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The 'Herd' is Born...

At the beginning of the war, 404 Squadron's future command, Coastal Command, had the principal duty of trade protection, reconnaissance and co-operation with the Royal Navy. At that time, the importance of the German Navy or "Kriegsmarine" and the attacking of enemy shipping were considered but no specific plans were actually put in place. Maritime interdiction was thought to be the duty of the Navy.

For the first years of the war, the Command flew obsolete aircraft such as Vickers Vildebeest torpedo bombers and Handley-Page Hampdens, a twin-engined bomber. Early missions could only attack vessels that were identified as warships, and were not allowed to attack enemy merchant vessels, even when they fired on the Coastal Command aircraft. As German advances in Holland and Norway continued, this policy was to loosen and enemy mercantile shipping became a fair target. Still, the Command was to be saddled with having to fly obsolete aircraft on dangerous missions, usually in marginal weather conditions.

As a direct result of employing inappropriate aircraft and poor tactical training was the fact that between April and September of 1940 the Command was directly responsible for the sinking of only two small vessels. Still, mines dropped by Coastal Command dealt a much harsher blow, accounting for 56 enemy vessels.

Even though the response to enemy shipping opportunities seemed weak, military leadership fully understood the need to interdict the shipping into Germany. The highest-grade iron ore available to German foundries was mined in neutral Sweden, and was shipped from the ports on the country's east coast. German and German-controlled ships carried the ore south, through the Baltic to northern German ports. This, however, was not possible in winter when the Baltic froze over. The ore was then transported by rail to the Norwegian port of Narvick, which, being on the Atlantic coast, remained ice-free all winter. This source of ore, and the importance placed on it, was evidenced throughout the war by the efforts to protect convoys with valuable Kriegsmarine and Luftwaffe assets sorely needed to assist the war effort elsewhere.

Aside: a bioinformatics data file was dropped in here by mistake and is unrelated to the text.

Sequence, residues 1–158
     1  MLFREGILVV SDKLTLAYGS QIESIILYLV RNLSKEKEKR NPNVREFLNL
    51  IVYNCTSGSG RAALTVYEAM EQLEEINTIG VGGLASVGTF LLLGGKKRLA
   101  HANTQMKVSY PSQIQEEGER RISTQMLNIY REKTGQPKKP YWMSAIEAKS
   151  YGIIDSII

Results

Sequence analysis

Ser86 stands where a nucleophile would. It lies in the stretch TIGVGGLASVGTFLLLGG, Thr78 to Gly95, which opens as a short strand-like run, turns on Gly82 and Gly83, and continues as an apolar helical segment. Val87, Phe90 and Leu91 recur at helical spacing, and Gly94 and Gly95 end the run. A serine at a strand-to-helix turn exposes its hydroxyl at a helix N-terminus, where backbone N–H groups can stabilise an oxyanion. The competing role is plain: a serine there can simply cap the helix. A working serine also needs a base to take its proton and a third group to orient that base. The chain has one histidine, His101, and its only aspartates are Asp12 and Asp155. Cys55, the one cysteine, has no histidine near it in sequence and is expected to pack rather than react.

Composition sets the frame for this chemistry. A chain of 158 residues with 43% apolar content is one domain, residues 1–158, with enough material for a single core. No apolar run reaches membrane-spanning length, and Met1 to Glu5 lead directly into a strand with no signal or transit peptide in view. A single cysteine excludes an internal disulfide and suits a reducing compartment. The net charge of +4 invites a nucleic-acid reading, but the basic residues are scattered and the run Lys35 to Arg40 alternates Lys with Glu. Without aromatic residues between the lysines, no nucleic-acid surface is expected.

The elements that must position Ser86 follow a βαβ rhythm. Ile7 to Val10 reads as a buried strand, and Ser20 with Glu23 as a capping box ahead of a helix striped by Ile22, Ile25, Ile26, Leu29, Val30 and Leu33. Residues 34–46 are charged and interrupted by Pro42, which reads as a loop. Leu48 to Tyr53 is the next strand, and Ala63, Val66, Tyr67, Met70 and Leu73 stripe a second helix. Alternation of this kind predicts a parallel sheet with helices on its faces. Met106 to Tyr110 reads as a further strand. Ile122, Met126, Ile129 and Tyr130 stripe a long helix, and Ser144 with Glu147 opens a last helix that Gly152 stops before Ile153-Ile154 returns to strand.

Looking at a European map, it is readily apparent how difficult it was to interdict convoys amongst the leads, islands and fjords. Once the rail and canal systems of Germany had sustained considerable damage as the war progressed, more raw materials had to be shipped. Narvik, in northern German-controlled Norway, was the launching point of many of these lifeline convoys. Following close to shore, the convoys were relatively safe until they reached the southern coast of Norway. If the vessels safely reached the vicinity of the Skaggerak they were relatively safe until they reached Kiel. It was in these open waters as well as amongst the islands, leads and fjords of Norway that 404 Squadron was to see the bulk of its anti-shipping actions.

Later in the War, the squadron continued its maritime interdiction missions from bases in England, concentrating on the French coastline before returning to Scotland to finish its wartime service.